Looking for a travel guide to the Pacific Northwest? Is there more to this area than fog and coffee? Well …. probably? Luckily for all of us, I brought in a local to share her best PNW travel tips – where to go, what to do, and how to do it all cheaply and safely.
Hi! I’m Sam from The Philosophy of Kindness. Five years ago I flew to Seattle on a whim. It was love at first sight. One month later my bags were packed and I never looked back.
When I think of the Pacific Northwest I think of it’s the green forests, cities that incorporate nature at every turn, mountains, farms, harbors, coffee shops on every corner, thrift shops and half off bookstores everywhere, and the quirkiness of cities that celebrate being offbeat.
If breathtaking is what you are looking for the coast is where you need to head. It’s 363 miles of isolated beaches dotted with quaint seaside towns, cliffs, sand dunes, sea stacks jutting out of the ocean, picturesque lighthouses and great spots to view sea lions.
Stanley Park is a breath of fresh air if you are looking to escape the city. There is so much to do here! Tour the Rose Garden, visit the First Nation totem poles or stand inside a 700-year-old cedar tree. However, a stroll around the seawall shouldn’t be passed up. If the tide is in enough you can look over the side and see huge purple starfish clinging to the rock below.
The quaint town isn’t so much the destination, but it is the main stopping point to get info and park passes for Mountain Loop Highway. The Highway cuts its way through the Cascade Mountain Range where you can find camping sites, lakes, hiking trails, and picnic areas can be can be found throughout the area.
If you’re looking for a unique event, Seafair is a summer-long festival that takes place throughout Seattle. At any given time you can take part in the Solstice Parade celebrating artists, watch milk carton boat derbies, or check out the Seafair pirates storming the beach. Every town also seems to host their own street fairs where you can check out the local handcrafted scene.
Hood Canal, Olympic National Park, San Juan Islands, Mount Rainier, Mount St. Helens, Earth Sanctuary, Mount Baker, Mount Hood – the list goes on! If you’re visiting a city, you can easily find a National or State park within a hour or two drive from where you are staying. The Cascades surround the area and are beautiful to view from the city but are spectacular to hike through.
They’re inexpensive way to get around and offer some of the best views around. And since they aren’t a traditional tourist attraction, they will drop you off in non-tourist spots that are fun to explore.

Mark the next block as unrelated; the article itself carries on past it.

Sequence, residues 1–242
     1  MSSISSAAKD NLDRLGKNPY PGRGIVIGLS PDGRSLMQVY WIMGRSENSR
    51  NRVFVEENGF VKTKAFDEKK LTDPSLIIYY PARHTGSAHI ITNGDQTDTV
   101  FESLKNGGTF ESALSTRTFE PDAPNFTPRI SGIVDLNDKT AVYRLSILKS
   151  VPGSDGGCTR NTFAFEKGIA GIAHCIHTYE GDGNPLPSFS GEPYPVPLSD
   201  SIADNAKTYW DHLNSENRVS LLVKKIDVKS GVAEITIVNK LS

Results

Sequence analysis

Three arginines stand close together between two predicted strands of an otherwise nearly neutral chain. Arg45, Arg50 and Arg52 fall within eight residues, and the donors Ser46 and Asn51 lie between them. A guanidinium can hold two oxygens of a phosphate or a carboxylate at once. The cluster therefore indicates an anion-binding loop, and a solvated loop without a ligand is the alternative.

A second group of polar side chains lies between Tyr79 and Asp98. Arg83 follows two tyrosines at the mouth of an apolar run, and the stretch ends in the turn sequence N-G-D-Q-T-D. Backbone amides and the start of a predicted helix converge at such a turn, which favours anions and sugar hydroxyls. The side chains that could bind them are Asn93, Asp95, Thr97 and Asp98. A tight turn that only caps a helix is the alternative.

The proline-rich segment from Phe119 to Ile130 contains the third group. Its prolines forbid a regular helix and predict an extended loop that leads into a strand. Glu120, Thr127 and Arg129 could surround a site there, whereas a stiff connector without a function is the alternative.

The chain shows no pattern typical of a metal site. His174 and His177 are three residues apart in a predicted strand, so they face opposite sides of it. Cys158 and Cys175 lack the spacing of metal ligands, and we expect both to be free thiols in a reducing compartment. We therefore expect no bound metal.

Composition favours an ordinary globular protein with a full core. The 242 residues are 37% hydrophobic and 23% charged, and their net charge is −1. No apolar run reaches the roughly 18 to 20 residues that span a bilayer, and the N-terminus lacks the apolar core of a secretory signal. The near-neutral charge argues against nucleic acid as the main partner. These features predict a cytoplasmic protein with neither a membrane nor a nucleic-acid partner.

The coffee culture in the Pacific Northwest is unlike anywhere else in the US. Skip Starbucks or anything with a name you recognize and go to any of the local cafes. Many coffee shops roast their own beans and if they don’t, they surely buy from local roasters. Try a pour over to bring out the flavor profiles or a Chemex to share.
It’s sweet, tender, meaty, and best of all it’s a sustainable seafood. There are so many ways to cook it. You can find it in crab cakes, chowder, wontons, but my personal favorite is just to dip it in butter and savor the flavor.
The Pacific Northwest is a really liberal area. We’re very much about environmental causes, sustainability, buying local and organic. You will see trash, recycling, and compost bins everywhere.
People here are really friendly, especially in the the more touristy areas. Bus drivers were one of the best sources I found in regards for help in getting around and information on what to see and do.
Outside of the cities transportation can be difficult. However buses and bikes are a great way to get around. There are two options for traveling between Portland, Seattle, and Vancouver.
Amtrak operates between the cities and you can get great views of the ocean from the train. The Bolt Bus also runs between the cities and you can get a seat for as low as $1.
In the summer is when the Pacific Northwest comes alive. There are festivals, an abundance of parks to visit, Shakespeare in the Park, Pow Wows, farmer’s markets (usually there is live music), and parades. All of these things are free or very minimal cost.
Airbnb is cheaper than a hotel and nicer than a hostel. Here’s a whole townhouse in Bend, OR for $33 a night and here’s a cottage in Astoria for $44 a night. If you’ve never used Airbnb before, here’s a $40 credit towards your first booking!
Thanks, Sam! I’m sure lots of you guys are native P.N.W.-ers. What else do we need to know about or other travel tips for the Pacific Northwest?